NTSB Looking Into Limo Regulations in Wake of Deadly Crash

Steph Willems
by Steph Willems

The deadliest U.S. transportation accident in the last decade occurred in upstate New York this weekend, but it didn’t involve a airliner, train, or bus. The vehicle in question was a modified 2001 Ford Excursion. All 18 occupants of the aging limo died after the vehicle failed to stop at an intersection, with two pedestrians struck and killed in the parking lot where the runaway vehicle ultimately came to rest.

In the vehicle was a group of young people, including many couples and relatives, who were headed to a birthday celebration. While limo operators are already subjected to federal oversight, the National Transportation Safety Board plans to probe existing regulations as part of its investigation.

According to media reports, the limo failed to stop at T-shaped intersection where Route 30 terminates at Route 30A. A hill and curve precedes the intersection, and eyewitnesses claim the Excursion approached the stop sign at a high rate of speed. It carried on across the roadway, through a ditch and some brush, and into the parking lot of a country store, where it struck a Toyota Highlander and the two pedestrians.

The intersection has been the site of numerous crashes over the years, but nothing like Saturday’s accident. Heavy truck traffic is no longer allowed to operate on that stretch of road.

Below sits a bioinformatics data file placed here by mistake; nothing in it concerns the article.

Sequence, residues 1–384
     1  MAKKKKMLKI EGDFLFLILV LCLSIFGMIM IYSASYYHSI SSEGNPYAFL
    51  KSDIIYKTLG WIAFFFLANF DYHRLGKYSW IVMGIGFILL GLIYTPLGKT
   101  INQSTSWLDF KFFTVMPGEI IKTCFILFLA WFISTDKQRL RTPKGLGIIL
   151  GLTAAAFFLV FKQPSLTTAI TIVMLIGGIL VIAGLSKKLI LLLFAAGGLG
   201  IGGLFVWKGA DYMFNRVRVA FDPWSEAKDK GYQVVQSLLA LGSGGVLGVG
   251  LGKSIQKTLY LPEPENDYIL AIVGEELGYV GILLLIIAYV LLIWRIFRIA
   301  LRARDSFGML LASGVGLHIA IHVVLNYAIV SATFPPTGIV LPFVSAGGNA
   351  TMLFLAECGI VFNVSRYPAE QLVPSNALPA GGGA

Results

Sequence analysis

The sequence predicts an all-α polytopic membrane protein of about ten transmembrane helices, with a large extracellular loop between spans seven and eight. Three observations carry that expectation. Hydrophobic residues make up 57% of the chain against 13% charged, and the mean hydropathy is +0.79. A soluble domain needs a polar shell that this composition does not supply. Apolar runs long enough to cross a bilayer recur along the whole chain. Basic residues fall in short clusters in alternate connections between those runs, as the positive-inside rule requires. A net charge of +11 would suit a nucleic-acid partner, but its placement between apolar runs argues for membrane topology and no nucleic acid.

In a report by the Washington Post, Schoharie Town Supervisor Alan Tavenner said witnesses claim the Excursion hit the intersection going about 60 miles per hour. While a cause for the tragedy has not yet been determined, there’s obvious theories to consider — either the vehicle’s driver failed to anticipate the upcoming intersection, the vehicle’s brakes were not operating properly, or a combination of both. The investigation has only just gotten underway.

Valerie Abeling, whose niece died in the crash and whose daughter was invited on the outing, but couldn’t attend, said her daughter recounted the group renting a bus that broke down before it could reach them. The limo was a backup plan, she said. Minutes before the crash, one of the victims texted her daughter to say, “The vehicle appeared in terrible condition.”

Speaking to CNN, NTSB Chairman Robert Sumwalt said, “We certainly want to look at the regulation of limos. The Federal Motor Carrier Safety Administration does oversee motor carriers so we want to see if the regulation for limousines is adequate.”

He added, “This does need to be a wake-up call.”

While Sumwalk didn’t outline the entirety of the investigation’s scope, he did say it would examine the lack of seatbelts in the back of the stretch limo.

[Image: Wikimedia ( CC BY-SA 2.0)]

Steph Willems
Steph Willems

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  • Jagboi Jagboi on Oct 09, 2018